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ASP Data Entry: A White Paper Primer (Cont'd)

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Appendix A: ASPs

I. What Is An ASP?

An Application Service Provider, or ASP, hosts software applications much the same way an Internet Service Provider (ISP) hosts Web sites — the software and data reside on a server and you access them over the Internet.

The ASP model offers the potential to revolutionize the way companies operate. However, the technology is simply an evolution of the networking model. Instead of having the PC on your desk networked to other PCs in your office, and your application on the server down the hall, your PC is now part of a much larger network — the Internet. Your application resides on a server that is connected to the Internet. When you log onto the Internet, you can access the application.

In some ways, ASPs are also similar to the time-sharing model of mainframe access that was popular in the 1960s and 1970s. You reach your software and data remotely and you are sharing computing power with others. However, with ASPs you can access your data anywhere there is an Internet connection — you do not need to use a particular terminal.

II. Three Common Misconceptions About ASPs

ASPs offer a new business model, one that has only existed for the past year or two. As a result, many people have misconceptions about ASPs.

Here are the three most common:

A. "The Internet Is Slow."
This is a particularly common belief among people who are accustomed to accessing the Internet from a dial-up connection at home. Actually, using an ASP can be faster than running software over your network or on your PC. There are two reasons for this.

The first is that we recommend using a high-speed connection. DSL is preferable and usually very cost effective where it is available. The faster the connection, of course, the faster the processing will be.

But even with relatively slow dial-up connections, like 56 K, using an ASP will be faster. This is because most ASPs use Citrix MetaFrame to speed processing. With Citrix, all processing occurs on the server — not on your client PC. All that passes between your client and the server is your mouse clicks and keystrokes and screen updates from the server. Their ICA technology only sends changes to the screen. It does not refresh the entire screen like your browser does when you surf the net. Since the volume of data passing along your Internet connection is significantly reduced, your effective speed is much faster.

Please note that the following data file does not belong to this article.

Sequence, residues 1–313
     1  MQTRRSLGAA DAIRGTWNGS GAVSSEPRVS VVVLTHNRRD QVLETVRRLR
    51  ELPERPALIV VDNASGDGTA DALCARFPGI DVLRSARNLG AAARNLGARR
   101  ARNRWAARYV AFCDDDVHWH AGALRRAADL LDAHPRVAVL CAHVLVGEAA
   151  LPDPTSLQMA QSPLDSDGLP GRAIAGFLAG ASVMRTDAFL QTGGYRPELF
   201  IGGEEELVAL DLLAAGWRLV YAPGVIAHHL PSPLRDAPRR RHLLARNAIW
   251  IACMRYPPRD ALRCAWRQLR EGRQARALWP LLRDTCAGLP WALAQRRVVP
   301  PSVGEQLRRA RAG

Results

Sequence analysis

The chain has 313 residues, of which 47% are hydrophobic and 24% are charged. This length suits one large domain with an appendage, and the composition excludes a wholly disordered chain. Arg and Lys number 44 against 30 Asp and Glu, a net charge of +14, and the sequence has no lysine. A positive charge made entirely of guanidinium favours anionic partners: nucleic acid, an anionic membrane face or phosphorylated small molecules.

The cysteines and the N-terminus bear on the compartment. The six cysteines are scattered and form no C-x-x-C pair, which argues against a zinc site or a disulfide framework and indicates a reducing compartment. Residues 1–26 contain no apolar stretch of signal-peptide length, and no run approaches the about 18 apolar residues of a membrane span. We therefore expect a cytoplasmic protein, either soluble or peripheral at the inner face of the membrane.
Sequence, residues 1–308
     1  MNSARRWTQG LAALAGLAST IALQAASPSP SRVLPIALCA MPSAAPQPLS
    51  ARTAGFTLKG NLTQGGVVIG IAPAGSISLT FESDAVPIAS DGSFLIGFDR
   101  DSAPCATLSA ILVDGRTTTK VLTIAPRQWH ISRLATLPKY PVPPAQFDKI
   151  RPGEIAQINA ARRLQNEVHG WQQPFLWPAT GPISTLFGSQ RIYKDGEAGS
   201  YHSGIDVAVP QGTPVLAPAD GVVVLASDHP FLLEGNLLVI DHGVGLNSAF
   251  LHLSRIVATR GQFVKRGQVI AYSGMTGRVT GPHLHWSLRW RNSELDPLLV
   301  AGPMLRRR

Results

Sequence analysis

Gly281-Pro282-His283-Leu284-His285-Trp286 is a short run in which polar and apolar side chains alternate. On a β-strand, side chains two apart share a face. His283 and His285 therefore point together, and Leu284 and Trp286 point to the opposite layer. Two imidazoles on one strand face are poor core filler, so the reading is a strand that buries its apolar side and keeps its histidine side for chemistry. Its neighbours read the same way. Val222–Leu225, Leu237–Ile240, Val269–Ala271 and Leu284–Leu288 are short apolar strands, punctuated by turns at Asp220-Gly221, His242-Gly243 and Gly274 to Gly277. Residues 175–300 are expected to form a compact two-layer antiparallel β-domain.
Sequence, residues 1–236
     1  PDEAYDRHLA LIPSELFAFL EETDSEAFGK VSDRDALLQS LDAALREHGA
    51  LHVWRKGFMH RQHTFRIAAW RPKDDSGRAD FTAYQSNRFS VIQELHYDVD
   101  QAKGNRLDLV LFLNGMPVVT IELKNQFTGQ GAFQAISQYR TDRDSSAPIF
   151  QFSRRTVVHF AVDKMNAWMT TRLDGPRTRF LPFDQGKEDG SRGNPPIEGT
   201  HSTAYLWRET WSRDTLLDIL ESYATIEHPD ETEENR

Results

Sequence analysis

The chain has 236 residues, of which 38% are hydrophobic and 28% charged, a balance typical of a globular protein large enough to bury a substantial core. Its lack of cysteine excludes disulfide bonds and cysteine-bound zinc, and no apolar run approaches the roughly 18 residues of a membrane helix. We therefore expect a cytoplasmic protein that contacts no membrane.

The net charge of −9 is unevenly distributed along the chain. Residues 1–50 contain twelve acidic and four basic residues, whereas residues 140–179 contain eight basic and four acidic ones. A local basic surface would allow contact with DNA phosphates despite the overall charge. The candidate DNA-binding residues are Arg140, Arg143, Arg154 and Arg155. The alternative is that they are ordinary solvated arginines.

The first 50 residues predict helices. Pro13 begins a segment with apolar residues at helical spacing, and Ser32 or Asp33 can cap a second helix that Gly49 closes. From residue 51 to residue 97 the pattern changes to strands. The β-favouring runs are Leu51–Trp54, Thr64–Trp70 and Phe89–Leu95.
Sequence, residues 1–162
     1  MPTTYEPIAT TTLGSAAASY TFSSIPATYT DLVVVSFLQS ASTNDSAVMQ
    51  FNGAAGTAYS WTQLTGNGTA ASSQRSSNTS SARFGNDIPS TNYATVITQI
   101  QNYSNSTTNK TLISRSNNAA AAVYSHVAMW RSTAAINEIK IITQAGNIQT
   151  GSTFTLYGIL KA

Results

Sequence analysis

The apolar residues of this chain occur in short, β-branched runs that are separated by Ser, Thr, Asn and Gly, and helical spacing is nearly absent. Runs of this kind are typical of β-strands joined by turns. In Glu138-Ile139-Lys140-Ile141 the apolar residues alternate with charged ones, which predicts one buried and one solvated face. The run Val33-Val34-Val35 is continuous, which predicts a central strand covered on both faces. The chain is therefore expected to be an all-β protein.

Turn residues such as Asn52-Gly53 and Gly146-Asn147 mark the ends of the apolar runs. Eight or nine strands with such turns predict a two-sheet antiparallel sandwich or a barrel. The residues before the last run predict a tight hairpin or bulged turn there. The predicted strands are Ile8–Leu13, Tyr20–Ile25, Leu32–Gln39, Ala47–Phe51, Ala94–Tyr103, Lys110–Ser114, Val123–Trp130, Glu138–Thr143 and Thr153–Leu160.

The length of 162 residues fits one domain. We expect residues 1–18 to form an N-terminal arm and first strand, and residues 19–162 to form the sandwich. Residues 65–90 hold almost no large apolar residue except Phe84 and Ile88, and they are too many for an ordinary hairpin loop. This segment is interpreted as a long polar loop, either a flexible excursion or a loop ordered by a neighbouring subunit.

B. "The Internet Isn't Reliable."
While the Internet does have outages from time to time, no computer system is immune from going down. Networks are frequently down, which means your application may not be available, and PCs lock up and have to be rebooted or repaired.

Billions of dollars have been poured over the past couple years into creating redundant networks, so that even if there is an outage, your connection can be rerouted to other lines. This has added significantly to the reliability of the Internet.

C. "The Internet Isn't Safe."
Regular news stories about hackers and viruses have left most people with a healthy concern about security over the Internet. Most ASPs take extensive precautions to ensure the security of your software and data. Servers are typically located in secure data centers, with around-the-clock security and protection against fires and other natural disasters. Data transmissions are usually encrypted and protected by firewalls. When the ASP is hosting an e-mail program or other application that leaves it vulnerable to viruses, virus protection programs are run regularly and updated frequently. Backups are also run regularly and saved to off-site storage. In fact, many ASP customers find the protections ASPs employ are more rigorous than the ones they previously had in place.

III. Typical Benefits of ASPs

A. Geographic Flexibility
One of the primary benefits of using an ASP is that you can work anywhere you can connect to the Internet. Because your software and data are all accessed over the Internet, you are no longer limited by what files you brought with you on a floppy or what you can get your office to overnight you. No matter where you are, you can do the same work you could in the office. As a result, organizations whose staff travel extensively or often work outside the office are among the most drawn to ASPs.